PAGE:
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On the same day it was announced in December that Brexit talks were ready to move into the second phase, German Chancellor Angela Merkel addressed her party allies at a Brussels summit and spoke of Europe needing a strong German government, more than ever before. Seven months since the Merkel-led Christian Democratic Union (CDU) failed to gain the necessary 50% of seats in its autumn general election, the gruelling bid to form a coalition appears to have reached its conclusion as the European Union undergoes a series of historic events which will shape its future and see the first ever departure of a member.

Globally recognised as one of the crucial components of central Europe’s political makeup, Germany faced the intricate and slow process of forming the coalition it needed to create the government to lead the country until the next election. Whilst the conservative CDU have gradually moved closer to the centre of Germany’s political spectrum, its hope to form a coalition with the centre-left Social Democrats (SPD) took several months to negotiate after the SPD stated it wanted to have the casting vote on the decision forming the partnership, known as a ‘grand coalition’, which at times may have looked unlikely to happen at all.

Germany’s firm government…viewed around the world as ‘a parliamentary system that worked just as reliably as its cars and industrial machinery’.

Whilst there have been relatively few consequences of the issue of not having a government set in stone so far, one obvious concern for Germany’s key figures is bound to be the prospect of its reputation as a solid political structure beginning to fade. Of course, the longer these negotiations took and continue to take, the longer the worries of the nation’s voters will take to be resolved, such as the rising dissatisfaction with the far-right (now Merkel’s greatest opposition), which was visible in the outcome of the polls as the Eurosceptic Alternativ für Deutschland closed the election with the third-largest amount of votes. Germany’s Spiegel Online likened Germany’s firm government previously viewed around the world as ‘a parliamentary system that worked just as reliably as its cars and industrial machinery’.

Perhaps this revering mind-set has been dented in the months since the election’s outcome. From Merkel’s point of view, the difficulties lay not only with convincing members of the SPD. Members of her own party have voiced their criticism, alongside the inhabitants of country itself, for whom the familiar comfort of ‘wir schaffen das!’ (we can do it!) may have begun to sound a little distant in the recent uncertainty. After the first round of coalition attempts with the CDU, the Greens and the liberal Free Democrats (FDP) – commonly referred to as the ‘Jamaica coalition’ – failed, this led to the latest attempts to form another grand-coalition to follow the previous government’s methods.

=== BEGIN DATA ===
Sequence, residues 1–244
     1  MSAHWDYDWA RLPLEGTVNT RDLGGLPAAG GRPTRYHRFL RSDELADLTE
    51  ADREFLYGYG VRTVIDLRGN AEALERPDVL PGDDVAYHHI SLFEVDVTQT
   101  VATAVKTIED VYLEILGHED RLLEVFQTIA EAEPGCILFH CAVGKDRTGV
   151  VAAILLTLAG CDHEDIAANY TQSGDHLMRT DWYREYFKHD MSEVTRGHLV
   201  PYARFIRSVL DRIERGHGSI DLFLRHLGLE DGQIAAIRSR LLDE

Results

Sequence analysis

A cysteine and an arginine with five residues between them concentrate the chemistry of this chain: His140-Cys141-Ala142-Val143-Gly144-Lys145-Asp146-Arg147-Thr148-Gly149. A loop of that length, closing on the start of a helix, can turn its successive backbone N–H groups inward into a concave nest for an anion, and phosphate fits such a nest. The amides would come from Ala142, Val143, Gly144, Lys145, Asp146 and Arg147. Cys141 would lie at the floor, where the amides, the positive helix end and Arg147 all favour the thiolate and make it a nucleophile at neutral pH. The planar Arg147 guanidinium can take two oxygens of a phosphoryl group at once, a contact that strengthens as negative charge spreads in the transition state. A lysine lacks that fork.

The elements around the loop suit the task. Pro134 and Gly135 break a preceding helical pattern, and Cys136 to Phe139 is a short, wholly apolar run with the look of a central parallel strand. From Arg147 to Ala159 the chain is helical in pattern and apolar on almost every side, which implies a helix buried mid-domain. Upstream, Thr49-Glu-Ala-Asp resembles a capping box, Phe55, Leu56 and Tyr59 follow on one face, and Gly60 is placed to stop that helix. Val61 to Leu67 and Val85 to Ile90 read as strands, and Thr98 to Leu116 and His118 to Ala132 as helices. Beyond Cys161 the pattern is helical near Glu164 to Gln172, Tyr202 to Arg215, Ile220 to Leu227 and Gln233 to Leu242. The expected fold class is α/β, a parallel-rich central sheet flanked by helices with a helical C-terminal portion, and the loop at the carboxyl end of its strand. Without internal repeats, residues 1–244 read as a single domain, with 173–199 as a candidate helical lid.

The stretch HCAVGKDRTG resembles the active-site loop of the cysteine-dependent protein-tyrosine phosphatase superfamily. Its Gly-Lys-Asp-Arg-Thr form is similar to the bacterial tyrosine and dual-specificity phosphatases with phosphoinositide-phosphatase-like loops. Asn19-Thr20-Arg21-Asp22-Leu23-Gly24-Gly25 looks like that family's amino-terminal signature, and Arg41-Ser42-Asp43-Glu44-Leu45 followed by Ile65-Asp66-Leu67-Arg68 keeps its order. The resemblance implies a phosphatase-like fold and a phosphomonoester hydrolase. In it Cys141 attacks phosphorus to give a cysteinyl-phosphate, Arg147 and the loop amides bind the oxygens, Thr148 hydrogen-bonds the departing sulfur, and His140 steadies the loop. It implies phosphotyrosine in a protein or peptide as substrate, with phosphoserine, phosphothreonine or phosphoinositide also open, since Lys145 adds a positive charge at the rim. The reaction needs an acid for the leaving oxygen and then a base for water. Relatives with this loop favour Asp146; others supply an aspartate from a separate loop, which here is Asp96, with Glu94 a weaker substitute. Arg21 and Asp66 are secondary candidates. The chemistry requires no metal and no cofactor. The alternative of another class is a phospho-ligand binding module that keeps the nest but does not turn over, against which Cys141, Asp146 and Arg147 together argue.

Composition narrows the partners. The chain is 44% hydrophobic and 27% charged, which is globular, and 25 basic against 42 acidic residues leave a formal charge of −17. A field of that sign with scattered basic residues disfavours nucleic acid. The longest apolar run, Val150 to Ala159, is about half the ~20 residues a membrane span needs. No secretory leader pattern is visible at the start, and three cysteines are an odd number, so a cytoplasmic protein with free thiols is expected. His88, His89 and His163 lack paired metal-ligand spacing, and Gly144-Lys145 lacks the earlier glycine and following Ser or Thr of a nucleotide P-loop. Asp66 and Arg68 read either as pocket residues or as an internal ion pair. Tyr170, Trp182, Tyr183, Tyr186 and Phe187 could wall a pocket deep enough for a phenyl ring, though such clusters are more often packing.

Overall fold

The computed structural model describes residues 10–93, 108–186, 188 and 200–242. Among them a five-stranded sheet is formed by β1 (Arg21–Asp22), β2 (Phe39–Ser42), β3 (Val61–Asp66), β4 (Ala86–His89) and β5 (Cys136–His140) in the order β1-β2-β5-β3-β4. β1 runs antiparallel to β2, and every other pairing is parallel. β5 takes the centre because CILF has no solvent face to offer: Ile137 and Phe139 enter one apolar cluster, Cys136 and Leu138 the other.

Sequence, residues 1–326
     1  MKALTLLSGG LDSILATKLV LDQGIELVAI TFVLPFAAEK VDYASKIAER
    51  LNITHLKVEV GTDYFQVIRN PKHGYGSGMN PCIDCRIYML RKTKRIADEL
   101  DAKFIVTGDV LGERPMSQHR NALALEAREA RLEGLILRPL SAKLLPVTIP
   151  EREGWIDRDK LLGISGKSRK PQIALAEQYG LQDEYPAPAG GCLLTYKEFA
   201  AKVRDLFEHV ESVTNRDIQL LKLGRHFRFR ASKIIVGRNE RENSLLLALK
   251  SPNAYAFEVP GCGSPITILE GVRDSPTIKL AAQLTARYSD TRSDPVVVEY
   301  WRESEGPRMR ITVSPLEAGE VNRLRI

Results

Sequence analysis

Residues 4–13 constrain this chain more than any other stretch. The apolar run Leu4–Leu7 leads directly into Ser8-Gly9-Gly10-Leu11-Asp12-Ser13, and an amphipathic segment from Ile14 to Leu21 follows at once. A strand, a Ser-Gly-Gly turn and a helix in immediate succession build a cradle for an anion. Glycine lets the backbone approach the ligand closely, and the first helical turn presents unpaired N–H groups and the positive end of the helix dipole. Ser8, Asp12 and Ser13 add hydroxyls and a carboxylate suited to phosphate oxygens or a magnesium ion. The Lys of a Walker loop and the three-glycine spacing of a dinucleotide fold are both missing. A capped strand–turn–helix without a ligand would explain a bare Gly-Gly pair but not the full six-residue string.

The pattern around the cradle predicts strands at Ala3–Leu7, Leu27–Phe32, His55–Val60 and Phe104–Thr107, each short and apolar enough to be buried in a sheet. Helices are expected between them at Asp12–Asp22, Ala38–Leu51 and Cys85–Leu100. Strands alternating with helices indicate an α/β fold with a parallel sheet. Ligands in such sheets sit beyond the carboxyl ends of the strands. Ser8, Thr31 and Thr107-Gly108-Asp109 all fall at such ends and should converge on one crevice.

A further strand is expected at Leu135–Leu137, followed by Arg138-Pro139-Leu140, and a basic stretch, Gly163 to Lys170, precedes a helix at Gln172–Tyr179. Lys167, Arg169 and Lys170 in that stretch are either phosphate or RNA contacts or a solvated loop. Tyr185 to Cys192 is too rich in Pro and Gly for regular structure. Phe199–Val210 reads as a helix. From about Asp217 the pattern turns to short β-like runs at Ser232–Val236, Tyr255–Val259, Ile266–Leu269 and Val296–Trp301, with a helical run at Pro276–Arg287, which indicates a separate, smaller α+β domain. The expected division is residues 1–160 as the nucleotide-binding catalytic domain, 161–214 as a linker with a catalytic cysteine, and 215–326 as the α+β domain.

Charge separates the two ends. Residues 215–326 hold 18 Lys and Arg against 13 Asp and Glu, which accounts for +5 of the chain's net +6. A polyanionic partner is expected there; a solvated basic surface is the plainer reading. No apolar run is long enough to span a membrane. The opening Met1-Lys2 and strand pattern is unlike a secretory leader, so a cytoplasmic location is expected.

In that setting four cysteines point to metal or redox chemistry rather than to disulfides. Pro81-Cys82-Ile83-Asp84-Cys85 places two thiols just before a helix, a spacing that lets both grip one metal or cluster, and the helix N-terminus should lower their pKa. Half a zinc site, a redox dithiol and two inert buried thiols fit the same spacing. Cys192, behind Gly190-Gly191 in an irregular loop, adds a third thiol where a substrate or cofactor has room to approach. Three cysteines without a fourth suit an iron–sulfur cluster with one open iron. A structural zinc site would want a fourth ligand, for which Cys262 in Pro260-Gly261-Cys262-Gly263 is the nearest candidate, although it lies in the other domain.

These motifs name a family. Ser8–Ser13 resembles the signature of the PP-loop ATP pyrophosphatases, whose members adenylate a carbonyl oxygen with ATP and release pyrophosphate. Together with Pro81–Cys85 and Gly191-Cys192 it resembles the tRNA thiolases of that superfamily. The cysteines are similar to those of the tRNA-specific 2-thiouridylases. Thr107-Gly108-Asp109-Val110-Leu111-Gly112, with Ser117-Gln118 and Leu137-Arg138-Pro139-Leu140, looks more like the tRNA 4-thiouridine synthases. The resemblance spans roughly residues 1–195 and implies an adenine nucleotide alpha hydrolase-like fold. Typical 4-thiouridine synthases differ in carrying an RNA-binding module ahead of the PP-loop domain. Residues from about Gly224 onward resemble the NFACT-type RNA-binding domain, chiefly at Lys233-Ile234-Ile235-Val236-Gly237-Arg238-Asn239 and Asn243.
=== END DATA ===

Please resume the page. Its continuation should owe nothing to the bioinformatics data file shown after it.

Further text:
Martin Schulz, leader of the Social Democratic Party of Germany (SDP) (Source: Wikimedia Commons)

Now into February, following the search to form a coalition, which sprung up as a consequence of September‘s elections, an announcement was made this week stating that the CDU have successfully reached a deal to form a coalition with former governmental partners, the SPD, one likely to have evoked some relief in the German Chancellor. It does, at least, seem to be the move with the smoothest possible way out – a minority CDU government could be branded as weak, and more elections would only lead to more instability at a time when Germany’s government needs to be stronger more than ever, echoing the words of Merkel herself.

Whilst this may seem like a triumph after the months of talks over forming a coalition, a few fairly crucial points must be looked after first, with even a few examples of these recognised as seismic challenges for those involved. SPD leader Martin Schulz must now convince his party that this is a good decision, as many may view his agreement to join the CDU government as a step away from his left-wing views; many significant ministries of the government have also been handed into the care of the SPD. Arguably the greatest hurdle to overcome firstly is that approximately 500,000 SPD members must vote on the deal. Should the majority vote against it, then the deal will collapse and this could lead to new elections in the autumn, which would be twelve months following the vote which led to this situation in the first place, undoubtedly increasing the uncertainty of those who headed to the polls nearly half a year ago.

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